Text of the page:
Hundreds of Egyptian protesters gathered in Cairo’s Tahrir Square on Friday to push for reforms, as Islamists held a separate demonstration calling for stability.
Pro-democracy activists had called for a rally in Tahrir Square — the epicentre of protests that toppled president Hosni Mubarak — after a cabinet reshuffle failed to satisfy their demands.
Sheikh Mazhar Shaheen, conducting the sermon, said the new cabinet line-up had fallen short of the expectations of protesters who want members of Mubarak’s regime forced out of politics.
“The last time we met, we had hoped there would be a government that would express and implement our demands,” said Shaheen, who has been giving the weekly sermon in Tahrir.
“But for a reason we don’t know, they insist on subjecting us to members of the old regime,” he told worshippers, who turned out in significantly smaller numbers than in previous weeks.
He reiterated the protesters’ demands for fair trials for officials suspected of abuse, as well as social justice and an end to military trials for civilians.
“We are not demanding the impossible,” he said.
But hundreds of hardline Islamists gathered several kilometres (miles) away outside Al-Fath mosque to denounce the protesters they say are prolonging the country’s instability, following the uprising that ousted Mubarak in February.
“An Islamist state! Not secular, not civilian,” the protesters chanted.
The gathering was organised by fundamentalist Salafi groups, who advocate a return to early Muslim practices.
“We let them stay in Tahrir so that people can see them for who they are,” a protest leader told the crowd.
Islamists, including the powerful Muslim Brotherhood who have stayed away this week, have said they will head to the iconic square next Friday.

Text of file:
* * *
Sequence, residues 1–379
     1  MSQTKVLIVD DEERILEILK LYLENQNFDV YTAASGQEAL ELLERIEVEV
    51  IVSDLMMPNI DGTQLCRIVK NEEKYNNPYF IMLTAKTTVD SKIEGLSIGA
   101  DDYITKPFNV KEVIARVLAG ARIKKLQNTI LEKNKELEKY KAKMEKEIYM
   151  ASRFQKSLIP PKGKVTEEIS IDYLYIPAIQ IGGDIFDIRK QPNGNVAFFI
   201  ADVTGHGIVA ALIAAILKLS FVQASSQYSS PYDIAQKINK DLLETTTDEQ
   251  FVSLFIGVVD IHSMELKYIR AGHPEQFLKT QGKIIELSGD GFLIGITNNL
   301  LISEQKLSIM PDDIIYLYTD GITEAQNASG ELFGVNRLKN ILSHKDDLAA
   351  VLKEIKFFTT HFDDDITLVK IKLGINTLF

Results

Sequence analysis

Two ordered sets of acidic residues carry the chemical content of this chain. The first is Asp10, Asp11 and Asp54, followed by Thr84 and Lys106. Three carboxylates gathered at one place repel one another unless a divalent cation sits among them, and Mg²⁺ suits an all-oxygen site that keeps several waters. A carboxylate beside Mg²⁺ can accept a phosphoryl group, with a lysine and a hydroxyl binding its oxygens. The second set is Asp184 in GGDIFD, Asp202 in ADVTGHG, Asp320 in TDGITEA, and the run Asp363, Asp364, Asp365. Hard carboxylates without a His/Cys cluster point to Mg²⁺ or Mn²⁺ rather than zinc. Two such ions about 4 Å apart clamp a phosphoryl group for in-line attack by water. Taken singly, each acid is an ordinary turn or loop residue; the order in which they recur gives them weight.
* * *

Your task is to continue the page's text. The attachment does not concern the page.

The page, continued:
The Al-Fath protesters also called on the ruling military council “not to lose the people in order to get the acceptance of this minority,” referring to those in Tahrir.
The Islamists accused the Tahrir protesters of going against what they say is the country’s “Islamic identity.”
“We are Muslims, we are part of this country. But who are you? Secularists? Communists? Americans?” the speaker asked.
“If you don’t like it, go to the countries you wish to emulate,” he said.
Thursday’s swearing-in of the new cabinet failed to persuade the Tahrir protesters to go home.
A smaller protest also took place in the upmarket neighbourhood of Heliopolis where Mubarak loyalists came out in a show of support for the former president and the ruling military council.
Prime Minister Essam Sharaf had hoped the changes in his cabinet would mollify the protesters camped out in the square since July 8.
Roughly half of the cabinet is made up of new faces, but several ministers hired by Mubarak have remained, including Interior Minister Mansur Essawy.
In an address after the reshuffle, Sharaf said he asked his ministers to prepare action plans with the “first objective of achieving the revolution’s goals and preserving its gains.”
But activists were unimpressed.
“This government does not in any shape express our aspirations for the revolution,” said Tareq al-Khouli, a leader of the April 6 movement and organiser of the sit-in.
“We don’t understand why they are being so obstinate about keeping former Mubarak party members, rather than replacing them with respectable people,” Khouli said, adding that the sit-in would continue.
It was the second cabinet to take office in the face of protests since Mubarak stepped down on February 11.
The former president is under arrest on murder and corruption charges in a hospital in the Red Sea resort of Sharm el-Sheikh, where he is undergoing treatment for a heart condition.